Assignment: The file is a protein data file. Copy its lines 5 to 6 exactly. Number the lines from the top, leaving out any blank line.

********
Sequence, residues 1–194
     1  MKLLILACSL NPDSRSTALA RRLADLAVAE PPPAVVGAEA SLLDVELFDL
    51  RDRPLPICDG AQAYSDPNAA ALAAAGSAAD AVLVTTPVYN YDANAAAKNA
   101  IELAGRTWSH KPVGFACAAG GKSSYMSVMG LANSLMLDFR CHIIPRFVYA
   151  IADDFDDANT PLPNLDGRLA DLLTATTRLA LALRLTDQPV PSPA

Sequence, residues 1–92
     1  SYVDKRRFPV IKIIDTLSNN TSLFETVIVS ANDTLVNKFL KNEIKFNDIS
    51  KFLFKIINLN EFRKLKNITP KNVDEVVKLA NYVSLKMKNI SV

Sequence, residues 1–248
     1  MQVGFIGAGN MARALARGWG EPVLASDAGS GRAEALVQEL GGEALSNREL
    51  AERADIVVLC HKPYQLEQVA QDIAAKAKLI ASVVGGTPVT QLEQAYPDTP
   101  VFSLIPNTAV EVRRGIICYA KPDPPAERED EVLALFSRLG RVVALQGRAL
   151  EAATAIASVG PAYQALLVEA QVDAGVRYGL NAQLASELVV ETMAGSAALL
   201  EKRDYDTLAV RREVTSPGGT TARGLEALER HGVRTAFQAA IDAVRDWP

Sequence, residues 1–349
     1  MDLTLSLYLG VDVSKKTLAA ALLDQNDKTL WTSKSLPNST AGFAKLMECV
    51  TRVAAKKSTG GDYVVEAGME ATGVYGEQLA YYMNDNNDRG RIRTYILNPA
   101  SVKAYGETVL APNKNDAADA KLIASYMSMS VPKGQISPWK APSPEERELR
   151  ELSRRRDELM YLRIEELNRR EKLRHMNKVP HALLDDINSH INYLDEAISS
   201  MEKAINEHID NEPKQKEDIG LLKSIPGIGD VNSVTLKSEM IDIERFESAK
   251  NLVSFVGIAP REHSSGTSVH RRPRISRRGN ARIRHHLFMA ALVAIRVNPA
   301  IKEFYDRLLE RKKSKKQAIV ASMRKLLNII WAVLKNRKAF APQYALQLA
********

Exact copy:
   151  IADDFDDANT PLPNLDGRLA DLLTATTRLA LALRLTDQPV PSPA

Sequence, residues 1–92